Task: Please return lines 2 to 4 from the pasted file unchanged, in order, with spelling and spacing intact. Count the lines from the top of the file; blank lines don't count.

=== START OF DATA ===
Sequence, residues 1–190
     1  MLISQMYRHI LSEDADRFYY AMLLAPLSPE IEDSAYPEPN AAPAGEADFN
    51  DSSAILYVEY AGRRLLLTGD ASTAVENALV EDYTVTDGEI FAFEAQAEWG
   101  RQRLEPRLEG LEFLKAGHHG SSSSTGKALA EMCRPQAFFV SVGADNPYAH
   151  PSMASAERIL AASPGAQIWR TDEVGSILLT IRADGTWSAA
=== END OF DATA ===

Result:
     1  MLISQMYRHI LSEDADRFYY AMLLAPLSPE IEDSAYPEPN AAPAGEADFN
    51  DSSAILYVEY AGRRLLLTGD ASTAVENALV EDYTVTDGEI FAFEAQAEWG
   101  RQRLEPRLEG LEFLKAGHHG SSSSTGKALA EMCRPQAFFV SVGADNPYAH